How Much Exercise Is Needed to Help Improve Thinking Skills?
To find the answers, researchers reviewed all of the studies where older adults were asked to exercise for at least 4 weeks and their tests of thinking and memory skills were compared with those of people who did not start a new exercise routine.
The review, published in Neurology Clinical Practice, found that people who exercised an average of at least 52 hours over about 6 months for about 1 hour each session may improve their thinking skills.
In contrast, people who exercised for an average of 34 hours over the same time period did not show any improvement in their thinking skills.
The review did not find a relationship between a weekly amount of exercise and improved thinking skills.
“These results suggest that a longer-term exercise program may be necessary to gain the benefits in thinking skills,” said Joyce Gomes-Osman, PhD, University of Miami Miller School of Medicine, Miami, Florida. “We were excited to see that even people who participated in lower intensity exercise programs showed a benefit to their thinking skills. Not everyone has the endurance or motivation to start a moderately intense exercise program, but everyone can benefit even from a less intense plan.”
The review included 98 randomised controlled trials comprising 11,061 participants with an average age of 73 years. Of the participants, 59% were categorised as healthy adults, 26% had mild cognitive impairment, and 15% had dementia. A total of 58% did not regularly exercise before being enrolled in a study.
Researchers collected data on exercise session length, intensity, weekly frequency, and amount of exercise over time. Aerobic exercise was the most common type of exercise, with walking the most common aerobic exercise and others including biking and dancing. Some studies used a combination of aerobic exercise along with strength, or resistance training and some used strength training alone. A small number of studies used mind-body exercises such as yoga or Tai chi.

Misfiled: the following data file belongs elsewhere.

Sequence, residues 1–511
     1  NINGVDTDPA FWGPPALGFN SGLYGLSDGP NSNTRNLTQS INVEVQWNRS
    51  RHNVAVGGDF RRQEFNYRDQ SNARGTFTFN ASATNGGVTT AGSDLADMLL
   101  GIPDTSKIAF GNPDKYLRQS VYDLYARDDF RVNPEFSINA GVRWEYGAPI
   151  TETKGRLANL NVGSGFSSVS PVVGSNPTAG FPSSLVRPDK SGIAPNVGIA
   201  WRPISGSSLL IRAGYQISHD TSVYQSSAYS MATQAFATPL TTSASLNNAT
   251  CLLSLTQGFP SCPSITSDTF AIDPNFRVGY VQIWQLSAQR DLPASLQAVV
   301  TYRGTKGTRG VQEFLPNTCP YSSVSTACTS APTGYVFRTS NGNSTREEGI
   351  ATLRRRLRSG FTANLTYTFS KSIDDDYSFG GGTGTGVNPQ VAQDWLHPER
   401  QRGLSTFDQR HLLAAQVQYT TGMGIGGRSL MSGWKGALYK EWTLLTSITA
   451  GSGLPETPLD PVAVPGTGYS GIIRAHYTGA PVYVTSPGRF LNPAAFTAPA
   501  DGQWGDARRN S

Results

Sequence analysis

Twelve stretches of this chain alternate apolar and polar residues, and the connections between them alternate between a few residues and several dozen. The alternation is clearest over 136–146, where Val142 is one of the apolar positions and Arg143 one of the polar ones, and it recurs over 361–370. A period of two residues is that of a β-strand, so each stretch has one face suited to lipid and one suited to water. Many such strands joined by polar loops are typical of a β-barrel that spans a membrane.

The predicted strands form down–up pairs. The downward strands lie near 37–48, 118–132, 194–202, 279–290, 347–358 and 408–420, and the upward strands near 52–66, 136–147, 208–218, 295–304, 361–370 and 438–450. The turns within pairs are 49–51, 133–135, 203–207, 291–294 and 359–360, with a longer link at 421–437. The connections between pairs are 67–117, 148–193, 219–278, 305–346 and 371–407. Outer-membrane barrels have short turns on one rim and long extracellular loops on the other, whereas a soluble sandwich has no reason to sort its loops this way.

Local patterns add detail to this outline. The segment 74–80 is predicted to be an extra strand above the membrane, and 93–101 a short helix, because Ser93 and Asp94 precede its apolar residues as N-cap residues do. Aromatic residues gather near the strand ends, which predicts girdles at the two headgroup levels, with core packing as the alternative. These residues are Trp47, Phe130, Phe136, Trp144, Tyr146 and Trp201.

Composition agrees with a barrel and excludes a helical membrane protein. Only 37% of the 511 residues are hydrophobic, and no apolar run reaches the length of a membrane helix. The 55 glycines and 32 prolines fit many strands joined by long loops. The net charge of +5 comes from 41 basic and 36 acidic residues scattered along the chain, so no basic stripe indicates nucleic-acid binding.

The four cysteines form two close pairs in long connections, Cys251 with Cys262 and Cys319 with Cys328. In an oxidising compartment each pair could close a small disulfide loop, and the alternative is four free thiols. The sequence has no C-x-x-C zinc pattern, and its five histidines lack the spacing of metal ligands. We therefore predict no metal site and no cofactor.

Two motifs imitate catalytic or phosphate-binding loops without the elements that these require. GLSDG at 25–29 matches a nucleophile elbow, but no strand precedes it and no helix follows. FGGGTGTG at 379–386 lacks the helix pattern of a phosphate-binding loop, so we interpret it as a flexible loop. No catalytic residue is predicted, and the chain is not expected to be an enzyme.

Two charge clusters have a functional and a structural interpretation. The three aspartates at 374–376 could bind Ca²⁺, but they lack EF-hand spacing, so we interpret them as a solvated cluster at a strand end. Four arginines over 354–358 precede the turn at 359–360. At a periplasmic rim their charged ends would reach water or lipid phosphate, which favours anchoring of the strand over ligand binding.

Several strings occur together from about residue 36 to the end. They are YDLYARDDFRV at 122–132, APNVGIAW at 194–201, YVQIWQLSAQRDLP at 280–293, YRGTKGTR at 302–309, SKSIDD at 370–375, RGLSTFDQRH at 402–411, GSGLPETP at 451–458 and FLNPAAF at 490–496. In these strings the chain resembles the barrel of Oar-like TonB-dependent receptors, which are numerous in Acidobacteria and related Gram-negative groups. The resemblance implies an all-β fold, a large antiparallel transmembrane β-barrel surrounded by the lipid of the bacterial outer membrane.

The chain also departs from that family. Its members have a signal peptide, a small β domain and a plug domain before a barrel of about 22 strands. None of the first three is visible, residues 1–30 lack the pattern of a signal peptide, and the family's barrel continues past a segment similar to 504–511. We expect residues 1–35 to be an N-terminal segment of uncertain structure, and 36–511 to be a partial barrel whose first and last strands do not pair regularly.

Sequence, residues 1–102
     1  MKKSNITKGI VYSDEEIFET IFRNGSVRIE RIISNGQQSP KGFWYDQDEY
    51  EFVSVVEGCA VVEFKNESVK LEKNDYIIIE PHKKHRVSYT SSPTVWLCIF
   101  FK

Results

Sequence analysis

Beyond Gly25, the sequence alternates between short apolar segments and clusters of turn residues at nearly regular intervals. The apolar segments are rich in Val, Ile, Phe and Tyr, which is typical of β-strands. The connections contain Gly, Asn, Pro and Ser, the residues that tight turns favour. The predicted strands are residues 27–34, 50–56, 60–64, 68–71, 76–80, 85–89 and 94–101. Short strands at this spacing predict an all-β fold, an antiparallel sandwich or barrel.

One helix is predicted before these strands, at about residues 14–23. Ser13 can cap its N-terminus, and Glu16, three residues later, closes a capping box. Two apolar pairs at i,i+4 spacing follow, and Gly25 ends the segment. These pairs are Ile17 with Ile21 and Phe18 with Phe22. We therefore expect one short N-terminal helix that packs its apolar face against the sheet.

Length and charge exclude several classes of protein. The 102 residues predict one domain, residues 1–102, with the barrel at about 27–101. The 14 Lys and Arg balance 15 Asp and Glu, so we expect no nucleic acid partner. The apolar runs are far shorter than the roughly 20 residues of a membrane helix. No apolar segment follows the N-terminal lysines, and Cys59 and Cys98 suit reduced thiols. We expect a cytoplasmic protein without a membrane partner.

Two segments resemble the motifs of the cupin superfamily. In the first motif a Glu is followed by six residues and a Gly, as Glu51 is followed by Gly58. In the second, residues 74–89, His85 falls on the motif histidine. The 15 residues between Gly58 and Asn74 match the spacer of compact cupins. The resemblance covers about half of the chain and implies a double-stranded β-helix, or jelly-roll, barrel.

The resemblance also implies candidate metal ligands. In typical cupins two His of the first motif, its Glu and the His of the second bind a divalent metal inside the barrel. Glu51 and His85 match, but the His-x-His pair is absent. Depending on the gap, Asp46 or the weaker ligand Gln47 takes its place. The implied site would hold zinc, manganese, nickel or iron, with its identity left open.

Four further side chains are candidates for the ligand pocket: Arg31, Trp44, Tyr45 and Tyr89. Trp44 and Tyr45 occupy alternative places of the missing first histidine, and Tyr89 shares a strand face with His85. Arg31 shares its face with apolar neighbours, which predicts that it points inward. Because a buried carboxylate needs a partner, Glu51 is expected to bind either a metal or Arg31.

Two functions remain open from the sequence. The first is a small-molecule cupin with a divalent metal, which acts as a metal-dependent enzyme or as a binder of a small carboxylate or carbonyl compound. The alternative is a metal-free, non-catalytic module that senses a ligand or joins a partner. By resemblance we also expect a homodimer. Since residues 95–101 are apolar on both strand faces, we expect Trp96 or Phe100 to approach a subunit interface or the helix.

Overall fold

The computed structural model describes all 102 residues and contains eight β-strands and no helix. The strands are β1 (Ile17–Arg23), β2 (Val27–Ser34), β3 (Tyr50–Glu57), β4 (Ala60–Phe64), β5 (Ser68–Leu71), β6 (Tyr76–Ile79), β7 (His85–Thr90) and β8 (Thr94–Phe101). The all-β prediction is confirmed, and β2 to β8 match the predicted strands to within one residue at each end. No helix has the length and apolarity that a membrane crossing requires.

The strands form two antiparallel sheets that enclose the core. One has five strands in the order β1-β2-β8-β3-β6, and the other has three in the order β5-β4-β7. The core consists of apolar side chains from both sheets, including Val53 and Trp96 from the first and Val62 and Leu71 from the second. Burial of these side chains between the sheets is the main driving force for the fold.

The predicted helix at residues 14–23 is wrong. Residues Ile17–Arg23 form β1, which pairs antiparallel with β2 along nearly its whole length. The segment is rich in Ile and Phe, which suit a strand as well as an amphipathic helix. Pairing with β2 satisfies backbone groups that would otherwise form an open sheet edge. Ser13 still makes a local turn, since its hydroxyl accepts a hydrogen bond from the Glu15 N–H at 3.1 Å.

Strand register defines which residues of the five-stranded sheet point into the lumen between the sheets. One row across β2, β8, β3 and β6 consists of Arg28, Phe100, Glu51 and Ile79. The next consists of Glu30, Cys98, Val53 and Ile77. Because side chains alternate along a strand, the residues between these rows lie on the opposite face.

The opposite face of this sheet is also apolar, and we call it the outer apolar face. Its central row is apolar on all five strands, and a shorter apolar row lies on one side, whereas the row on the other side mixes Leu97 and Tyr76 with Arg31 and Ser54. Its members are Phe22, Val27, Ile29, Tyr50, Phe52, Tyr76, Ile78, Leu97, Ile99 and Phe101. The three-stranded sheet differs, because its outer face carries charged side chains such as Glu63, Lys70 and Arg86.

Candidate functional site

After evaluating all of the data, researchers found that in both healthy people and people with cognitive impairment longer term exposure to exercise, at least 52 hours of exercise conducted over an average of about 6 months improved the brain’s processing speed. In healthy people, that same amount of exercise also improved executive function. However, researchers found no link between the amount of exercise and improved memory skills. Aerobic exercise, strength training, mind-body exercise and combinations of these were all found to be beneficial to thinking skills.
“Only the total length of time exercising could be linked to improved thinking skills,” said Dr. Gomes-Osman. “But our results may also provide further insight. With a majority of participants being sedentary when they first enrolled in a study, our research suggests that using exercise to combat sedentary behaviour may be a reason why thinking skills improved.”
Future studies could further investigate which thinking abilities experience the greatest improvement with exercise. They could also look at the short-term and long-term effects of exercise in both sedentary and physically fit individuals.
SOURCE: American Academy of Neurology
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